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Tuesday, June 21, 2005

BBC NEWS | World | Asia-Pacific | Taiwan ship joins island dispute

BBC NEWS | World | Asia-Pacific | Taiwan ship joins island dispute Taiwan ship joins island dispute
A Taiwanese warship visited disputed fishing grounds on Tuesday, after Taiwanese fishermen complained of harassment by Japanese patrol boats.

Defence Minister Lee Jye and a group of MPs including speaker Wang Jin-pyng were aboard the frigate, which visited the area around the Diaoyu Islands.

The islands, known in Japan as the Senkaku, are claimed by Taiwan, China and Japan.

The frigate returned to Taiwan without incident.

Mr Wang said Taiwan had the right to defend its sovereignty.

"This area belongs to us historically, geographically and legally," he told reporters before boarding along with a cross-party group of 15 MPs.

"We must defend our sovereignty and protect our fishing rights."

It's good to see it's finally our turn to scare the Japanese
Unnamed fisherman

A military spokesman, Liou Chih-chien, described the voyage as an "inspection tour" and said that while the frigate would enter disputed waters it would not approach the actual islands.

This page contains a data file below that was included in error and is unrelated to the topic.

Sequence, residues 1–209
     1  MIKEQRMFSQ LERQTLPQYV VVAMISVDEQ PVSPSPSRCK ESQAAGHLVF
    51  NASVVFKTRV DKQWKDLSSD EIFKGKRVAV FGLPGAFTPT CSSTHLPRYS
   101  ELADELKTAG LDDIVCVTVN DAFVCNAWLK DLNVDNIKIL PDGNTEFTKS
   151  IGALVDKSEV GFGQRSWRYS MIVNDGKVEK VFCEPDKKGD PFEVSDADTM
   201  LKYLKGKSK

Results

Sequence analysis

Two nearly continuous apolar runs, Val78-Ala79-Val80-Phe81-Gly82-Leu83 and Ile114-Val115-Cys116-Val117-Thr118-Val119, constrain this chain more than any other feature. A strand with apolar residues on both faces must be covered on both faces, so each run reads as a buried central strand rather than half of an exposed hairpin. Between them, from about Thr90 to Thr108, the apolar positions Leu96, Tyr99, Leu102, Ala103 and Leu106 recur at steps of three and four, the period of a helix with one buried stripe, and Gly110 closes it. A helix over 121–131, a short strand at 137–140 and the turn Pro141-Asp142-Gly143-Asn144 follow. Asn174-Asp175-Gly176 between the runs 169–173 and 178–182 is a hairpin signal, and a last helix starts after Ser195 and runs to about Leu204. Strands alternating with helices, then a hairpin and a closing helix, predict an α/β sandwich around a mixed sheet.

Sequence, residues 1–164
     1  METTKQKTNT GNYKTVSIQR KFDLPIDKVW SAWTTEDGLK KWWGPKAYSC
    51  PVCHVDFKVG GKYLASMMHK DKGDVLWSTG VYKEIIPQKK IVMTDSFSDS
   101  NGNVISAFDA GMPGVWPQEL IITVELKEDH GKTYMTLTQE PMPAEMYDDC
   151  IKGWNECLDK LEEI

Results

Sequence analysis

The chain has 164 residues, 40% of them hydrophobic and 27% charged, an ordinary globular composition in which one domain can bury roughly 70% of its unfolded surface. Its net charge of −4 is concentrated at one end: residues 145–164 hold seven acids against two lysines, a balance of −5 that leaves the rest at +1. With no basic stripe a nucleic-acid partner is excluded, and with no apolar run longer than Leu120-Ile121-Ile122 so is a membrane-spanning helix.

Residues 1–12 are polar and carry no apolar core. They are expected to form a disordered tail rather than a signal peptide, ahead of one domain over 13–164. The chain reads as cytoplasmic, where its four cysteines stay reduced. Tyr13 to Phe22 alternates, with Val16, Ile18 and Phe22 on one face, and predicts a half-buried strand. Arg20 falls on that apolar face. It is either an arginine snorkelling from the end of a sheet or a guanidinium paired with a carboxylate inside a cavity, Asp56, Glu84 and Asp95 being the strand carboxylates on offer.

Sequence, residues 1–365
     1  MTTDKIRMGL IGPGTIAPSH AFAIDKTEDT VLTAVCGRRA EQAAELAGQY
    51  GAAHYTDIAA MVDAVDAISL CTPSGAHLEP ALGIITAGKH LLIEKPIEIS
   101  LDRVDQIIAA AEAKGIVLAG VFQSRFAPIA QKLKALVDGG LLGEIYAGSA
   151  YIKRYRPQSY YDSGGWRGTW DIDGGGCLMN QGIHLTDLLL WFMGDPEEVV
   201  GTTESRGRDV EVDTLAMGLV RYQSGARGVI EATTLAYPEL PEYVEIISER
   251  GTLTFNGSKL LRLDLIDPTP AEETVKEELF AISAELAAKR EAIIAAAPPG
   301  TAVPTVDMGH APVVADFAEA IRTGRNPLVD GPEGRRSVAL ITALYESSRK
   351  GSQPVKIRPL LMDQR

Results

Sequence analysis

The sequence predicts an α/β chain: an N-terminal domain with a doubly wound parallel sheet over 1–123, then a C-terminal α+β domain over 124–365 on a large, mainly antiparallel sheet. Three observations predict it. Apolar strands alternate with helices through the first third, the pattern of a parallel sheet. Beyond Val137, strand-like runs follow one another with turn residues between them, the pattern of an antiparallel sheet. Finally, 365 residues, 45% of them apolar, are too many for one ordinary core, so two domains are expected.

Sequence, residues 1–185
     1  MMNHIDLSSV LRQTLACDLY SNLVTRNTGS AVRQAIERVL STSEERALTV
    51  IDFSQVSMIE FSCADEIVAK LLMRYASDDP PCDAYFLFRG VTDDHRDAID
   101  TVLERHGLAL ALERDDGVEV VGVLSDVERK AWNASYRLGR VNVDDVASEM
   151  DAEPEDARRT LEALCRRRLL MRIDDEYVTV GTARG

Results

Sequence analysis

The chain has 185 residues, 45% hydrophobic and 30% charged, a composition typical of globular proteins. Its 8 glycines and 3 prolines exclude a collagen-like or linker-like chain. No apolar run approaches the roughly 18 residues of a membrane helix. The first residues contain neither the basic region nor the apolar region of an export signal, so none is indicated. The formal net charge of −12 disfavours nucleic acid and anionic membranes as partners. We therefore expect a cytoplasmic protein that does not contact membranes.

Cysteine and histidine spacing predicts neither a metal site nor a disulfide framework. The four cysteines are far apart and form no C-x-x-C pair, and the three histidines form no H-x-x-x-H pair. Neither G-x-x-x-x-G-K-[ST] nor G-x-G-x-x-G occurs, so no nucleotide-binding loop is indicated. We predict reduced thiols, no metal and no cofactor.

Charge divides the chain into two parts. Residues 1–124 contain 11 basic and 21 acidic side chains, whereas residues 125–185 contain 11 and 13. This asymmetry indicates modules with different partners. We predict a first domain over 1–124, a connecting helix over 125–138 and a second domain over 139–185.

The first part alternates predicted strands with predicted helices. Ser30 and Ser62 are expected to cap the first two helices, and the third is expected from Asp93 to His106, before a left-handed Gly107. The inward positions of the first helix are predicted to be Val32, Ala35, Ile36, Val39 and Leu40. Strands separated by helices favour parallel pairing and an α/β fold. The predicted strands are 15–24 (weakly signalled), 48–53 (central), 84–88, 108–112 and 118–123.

The Fengyang frigate is armed with air defence missiles and will be escorted at a distance by other Taiwanese ships and aircraft, the officials added.

'Standing up'

Opposition politicians in Taiwan have criticised the government for failing to stand up to Japan.

"The entire nation is waiting for the government to show its guts and stand up to Japan," said one independent MP, May Chin.

The dispatch of the Fengyang comes after 50 Taiwanese fishing boats staged a rare protest in the disputed area earlier this month.

They were protesting at being frequently driven out of the waters by Japanese patrol boats.

Some Taiwanese fishermen have reportedly called for protection from China, Taiwan's arch-rival.

One unnamed fisherman told a Taiwanese TV station he was please to see the frigate being sent out.

"It's good to see it's finally our turn to scare the Japanese - they have always bullied us and make us feel we are thieves at sea," he told cable news network TVBS.

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